Michigan judge’s request to bypass age limit denied

Jennifer Chambers
The Detroit News

A legal attempt by a Michigan judge seeking another term on the bench before being age limited ended Thursday after the Michigan Supreme Court denied consideration of the case.

Michigan Court of Appeals Judge Peter O’Connell will be 70 when his six-year term is up in 2019, making him ineligible to run for re-election in the 4th District in the northern half of the Lower Peninsula.

Under the Michigan Constitution, judges cannot seek re-election once they turn 70. The restriction was added in 1955.

O’Connell sued state election officials in March in an attempt to get on the 2016 ballot.

Instead of being aged out, O’Connell wanted to give up his nonpartisan seat, three years ahead of schedule, and run in August for an open seat in his district that belongs to Judge Michael Gadola, who was appointed in 2015.

The Michigan Court of Claims and the state Court of Appeals ruled against O’Connell earlier this year. Last month, the Court of Appeals issued an opinion affirming a previous Court of Claims ruling that says O’Connell is not the incumbent for the position held by Gadola.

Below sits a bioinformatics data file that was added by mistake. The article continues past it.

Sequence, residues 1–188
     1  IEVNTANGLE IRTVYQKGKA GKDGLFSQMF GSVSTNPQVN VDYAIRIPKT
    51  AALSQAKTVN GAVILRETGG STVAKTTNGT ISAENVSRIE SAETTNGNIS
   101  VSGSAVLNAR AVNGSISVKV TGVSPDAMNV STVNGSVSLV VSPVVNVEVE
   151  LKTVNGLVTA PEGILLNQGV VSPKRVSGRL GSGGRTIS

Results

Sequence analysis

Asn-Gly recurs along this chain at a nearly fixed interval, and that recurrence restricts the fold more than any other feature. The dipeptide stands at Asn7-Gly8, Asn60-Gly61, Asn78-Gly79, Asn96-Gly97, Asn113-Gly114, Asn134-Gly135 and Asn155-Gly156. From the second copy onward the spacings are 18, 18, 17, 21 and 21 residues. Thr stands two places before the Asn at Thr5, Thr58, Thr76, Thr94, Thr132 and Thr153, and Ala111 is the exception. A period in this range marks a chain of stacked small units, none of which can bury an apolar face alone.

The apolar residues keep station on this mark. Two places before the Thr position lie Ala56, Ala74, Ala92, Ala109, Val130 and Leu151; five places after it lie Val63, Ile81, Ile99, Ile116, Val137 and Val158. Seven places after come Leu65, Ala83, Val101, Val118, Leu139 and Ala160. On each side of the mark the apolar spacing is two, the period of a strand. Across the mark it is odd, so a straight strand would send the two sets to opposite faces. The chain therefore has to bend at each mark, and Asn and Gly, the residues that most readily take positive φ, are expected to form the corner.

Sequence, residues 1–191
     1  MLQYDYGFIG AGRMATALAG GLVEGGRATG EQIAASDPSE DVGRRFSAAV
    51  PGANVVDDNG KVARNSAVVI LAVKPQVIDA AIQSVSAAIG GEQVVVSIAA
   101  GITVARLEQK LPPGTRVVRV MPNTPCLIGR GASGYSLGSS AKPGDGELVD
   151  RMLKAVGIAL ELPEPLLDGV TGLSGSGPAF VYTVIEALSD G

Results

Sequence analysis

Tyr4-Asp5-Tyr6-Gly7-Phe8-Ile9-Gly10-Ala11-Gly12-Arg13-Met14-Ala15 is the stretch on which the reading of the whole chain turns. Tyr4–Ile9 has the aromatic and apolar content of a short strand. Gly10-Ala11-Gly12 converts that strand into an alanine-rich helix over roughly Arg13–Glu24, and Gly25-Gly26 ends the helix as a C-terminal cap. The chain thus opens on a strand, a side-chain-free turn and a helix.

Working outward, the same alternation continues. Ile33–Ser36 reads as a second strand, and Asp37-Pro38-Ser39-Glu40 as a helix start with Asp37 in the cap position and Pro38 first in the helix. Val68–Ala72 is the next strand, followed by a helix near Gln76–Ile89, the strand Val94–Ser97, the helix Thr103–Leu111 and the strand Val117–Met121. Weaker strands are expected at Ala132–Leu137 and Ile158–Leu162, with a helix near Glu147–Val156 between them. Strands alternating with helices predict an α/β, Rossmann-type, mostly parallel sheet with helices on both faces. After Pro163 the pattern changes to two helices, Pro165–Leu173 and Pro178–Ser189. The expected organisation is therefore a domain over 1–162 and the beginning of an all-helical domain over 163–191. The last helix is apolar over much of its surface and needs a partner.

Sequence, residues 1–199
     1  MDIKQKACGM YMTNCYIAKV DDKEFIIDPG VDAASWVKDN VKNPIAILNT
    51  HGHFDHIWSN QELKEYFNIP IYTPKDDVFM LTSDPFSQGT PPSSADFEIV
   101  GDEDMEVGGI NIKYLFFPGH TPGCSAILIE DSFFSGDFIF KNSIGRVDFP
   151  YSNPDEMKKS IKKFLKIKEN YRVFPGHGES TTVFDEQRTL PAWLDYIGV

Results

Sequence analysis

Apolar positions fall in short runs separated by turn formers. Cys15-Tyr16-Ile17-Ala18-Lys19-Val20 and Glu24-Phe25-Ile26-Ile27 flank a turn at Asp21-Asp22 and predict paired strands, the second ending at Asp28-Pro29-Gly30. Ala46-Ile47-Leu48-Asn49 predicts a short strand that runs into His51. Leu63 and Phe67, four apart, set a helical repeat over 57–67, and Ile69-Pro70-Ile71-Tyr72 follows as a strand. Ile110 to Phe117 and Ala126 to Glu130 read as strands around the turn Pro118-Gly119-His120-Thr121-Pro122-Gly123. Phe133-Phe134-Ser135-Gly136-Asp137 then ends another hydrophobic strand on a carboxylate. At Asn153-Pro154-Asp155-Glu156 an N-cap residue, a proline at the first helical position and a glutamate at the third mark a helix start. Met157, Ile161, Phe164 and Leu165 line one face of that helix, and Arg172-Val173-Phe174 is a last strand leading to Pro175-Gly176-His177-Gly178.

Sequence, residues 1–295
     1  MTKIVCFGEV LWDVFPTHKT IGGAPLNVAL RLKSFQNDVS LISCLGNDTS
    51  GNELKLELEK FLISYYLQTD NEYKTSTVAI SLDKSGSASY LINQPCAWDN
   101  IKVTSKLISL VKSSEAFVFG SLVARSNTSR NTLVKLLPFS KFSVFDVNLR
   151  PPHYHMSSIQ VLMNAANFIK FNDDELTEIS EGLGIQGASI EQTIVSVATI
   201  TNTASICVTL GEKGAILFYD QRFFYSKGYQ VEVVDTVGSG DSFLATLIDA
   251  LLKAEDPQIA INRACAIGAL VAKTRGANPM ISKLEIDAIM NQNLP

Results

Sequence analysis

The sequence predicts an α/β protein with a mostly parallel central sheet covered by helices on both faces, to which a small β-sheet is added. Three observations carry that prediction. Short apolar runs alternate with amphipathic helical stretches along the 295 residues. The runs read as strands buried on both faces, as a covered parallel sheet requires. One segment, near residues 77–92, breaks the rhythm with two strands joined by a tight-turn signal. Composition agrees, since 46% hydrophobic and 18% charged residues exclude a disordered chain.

In its one-paragraph opinion, the Michigan Supreme Court said: “The application for leave to appeal is considered, and it is denied, because the Court is not persuaded that the question presented should be reviewed by this Court.”

O’Connell said on Thursday his goal was to bring attention to age discrimination.

“I think we have accomplished this goal. Age discrimination is ethically, morally and legally wrong,” he said.

After he was rejected as an incumbent candidate in February by state election officials, O’Connell filed a lawsuit in the Michigan Court of Claims against the state’s director of elections, the Bureau of Elections and the Michigan Department of State to force them to put his name on the ballot.

Attorneys for the state alleged O’Connell was trying to get around the age restriction by running for a seat that is not his and, if allowed to do so, would create a vacancy on the bench should he win in the November election.

State officials told O’Connell he could appear on the ballot, but he’d have to collect the necessary signatures and wouldn’t appear as an incumbent.

There are about 590 judges in Michigan, according to the Michigan Supreme Court office. Thirty-two judges were ineligible to run in 2014 because of the age limit.